• Once a country reaches the peak in death rate, it is about half way to its final death count.
  • Italy and Spain are making remarkable progress and we (perhaps prematurely) have upgraded their situation to green (out of trouble). How they manage their retreat from social isolation will determine how successful they will be in the long term. This is the topic for below.
  • The U.S. is lagging these other countries in reaching a peak; however, it does appear that the peak is imminent.
  • Regarding the U.S. states: Washington is past its death rate peak and has been upgraded to a green. California never saw high death counts, just high death rate that appears to be peaking so we upgrade that to yellow (warning).
  • We have not followed MI, NJ, and LA from the beginning so we have limited data to fit to the Gaussian, but each of these states is making progress and if the current trends continue over the next week, they will all be upgraded as well.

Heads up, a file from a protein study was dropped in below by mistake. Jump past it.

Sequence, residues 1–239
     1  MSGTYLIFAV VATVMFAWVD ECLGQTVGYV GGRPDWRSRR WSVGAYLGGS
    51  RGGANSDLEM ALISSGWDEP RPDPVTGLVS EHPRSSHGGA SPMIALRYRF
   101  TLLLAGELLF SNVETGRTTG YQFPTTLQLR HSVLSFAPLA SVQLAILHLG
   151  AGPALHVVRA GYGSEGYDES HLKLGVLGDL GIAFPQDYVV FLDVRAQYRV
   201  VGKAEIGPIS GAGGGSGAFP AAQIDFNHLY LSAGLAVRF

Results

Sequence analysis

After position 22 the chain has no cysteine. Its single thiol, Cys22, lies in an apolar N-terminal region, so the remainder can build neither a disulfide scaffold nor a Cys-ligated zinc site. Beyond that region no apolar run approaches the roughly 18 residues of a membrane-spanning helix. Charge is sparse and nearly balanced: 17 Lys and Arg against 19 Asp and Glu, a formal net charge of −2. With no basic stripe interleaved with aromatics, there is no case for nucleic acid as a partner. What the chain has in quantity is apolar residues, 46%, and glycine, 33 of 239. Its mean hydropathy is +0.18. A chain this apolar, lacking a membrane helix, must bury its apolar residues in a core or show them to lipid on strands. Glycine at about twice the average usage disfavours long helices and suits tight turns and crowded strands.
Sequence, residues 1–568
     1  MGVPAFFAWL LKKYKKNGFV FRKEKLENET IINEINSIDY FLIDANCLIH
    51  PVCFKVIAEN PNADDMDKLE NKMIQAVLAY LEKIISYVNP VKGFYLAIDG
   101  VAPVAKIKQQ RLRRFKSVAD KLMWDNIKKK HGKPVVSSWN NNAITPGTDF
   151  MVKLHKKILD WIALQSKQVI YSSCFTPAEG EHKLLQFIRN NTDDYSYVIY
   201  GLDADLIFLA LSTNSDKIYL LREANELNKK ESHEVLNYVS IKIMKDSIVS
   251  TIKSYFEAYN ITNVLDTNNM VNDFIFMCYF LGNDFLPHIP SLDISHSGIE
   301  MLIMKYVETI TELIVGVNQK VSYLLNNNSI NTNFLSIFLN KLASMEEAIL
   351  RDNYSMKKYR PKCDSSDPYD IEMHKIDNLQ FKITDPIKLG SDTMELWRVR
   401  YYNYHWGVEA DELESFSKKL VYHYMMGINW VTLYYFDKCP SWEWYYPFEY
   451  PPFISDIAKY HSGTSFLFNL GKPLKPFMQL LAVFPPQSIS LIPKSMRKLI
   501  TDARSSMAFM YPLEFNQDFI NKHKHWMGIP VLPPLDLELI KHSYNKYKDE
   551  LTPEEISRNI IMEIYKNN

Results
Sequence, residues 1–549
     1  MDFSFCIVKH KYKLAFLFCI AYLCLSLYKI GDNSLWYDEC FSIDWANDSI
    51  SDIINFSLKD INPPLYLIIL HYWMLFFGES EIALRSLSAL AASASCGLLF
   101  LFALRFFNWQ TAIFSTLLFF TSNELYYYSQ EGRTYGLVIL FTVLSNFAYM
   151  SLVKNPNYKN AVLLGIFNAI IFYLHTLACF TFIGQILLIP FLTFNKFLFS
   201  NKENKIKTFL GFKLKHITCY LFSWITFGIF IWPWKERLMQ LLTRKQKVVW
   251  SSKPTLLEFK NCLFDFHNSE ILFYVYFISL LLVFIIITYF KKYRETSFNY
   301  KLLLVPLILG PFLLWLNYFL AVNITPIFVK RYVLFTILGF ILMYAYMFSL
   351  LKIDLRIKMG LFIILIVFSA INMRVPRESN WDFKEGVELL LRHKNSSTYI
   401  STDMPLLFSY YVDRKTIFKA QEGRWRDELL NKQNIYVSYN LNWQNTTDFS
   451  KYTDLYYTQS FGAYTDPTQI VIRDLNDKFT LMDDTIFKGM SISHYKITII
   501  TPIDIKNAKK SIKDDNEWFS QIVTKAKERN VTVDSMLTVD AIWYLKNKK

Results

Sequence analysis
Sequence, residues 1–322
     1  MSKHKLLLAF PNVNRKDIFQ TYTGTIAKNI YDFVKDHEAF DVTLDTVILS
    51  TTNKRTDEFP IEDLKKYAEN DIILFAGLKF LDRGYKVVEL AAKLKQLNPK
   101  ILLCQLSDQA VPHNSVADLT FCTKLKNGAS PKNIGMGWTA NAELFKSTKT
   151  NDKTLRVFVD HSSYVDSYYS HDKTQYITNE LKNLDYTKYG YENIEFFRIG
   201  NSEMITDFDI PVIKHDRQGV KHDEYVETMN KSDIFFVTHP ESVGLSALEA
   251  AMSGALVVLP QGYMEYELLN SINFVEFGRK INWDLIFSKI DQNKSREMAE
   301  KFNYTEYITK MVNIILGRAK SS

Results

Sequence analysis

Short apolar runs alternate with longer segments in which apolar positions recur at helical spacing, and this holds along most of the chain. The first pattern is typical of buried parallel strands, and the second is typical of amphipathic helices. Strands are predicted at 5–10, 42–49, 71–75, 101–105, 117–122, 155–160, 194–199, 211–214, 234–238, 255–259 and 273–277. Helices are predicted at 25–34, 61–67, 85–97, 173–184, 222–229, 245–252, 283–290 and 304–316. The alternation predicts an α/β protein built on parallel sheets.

We now present our familiar table for forecasted total deaths, prevalence (current cases), and incidence (new cases) along with their values per capita (per million people). We also add a new column for the date we consider to be the earliest each population base can begin relaxing social distancing. We will tentatively call this an easing date and not a safe date so as not to conjure up excessive hopefulness.

Assumptions: Mortality factor is estimated as 1.0% for most favorable populations (not yet strained health care system) and up to 2.0% for least favorable populations (strained healthcare system).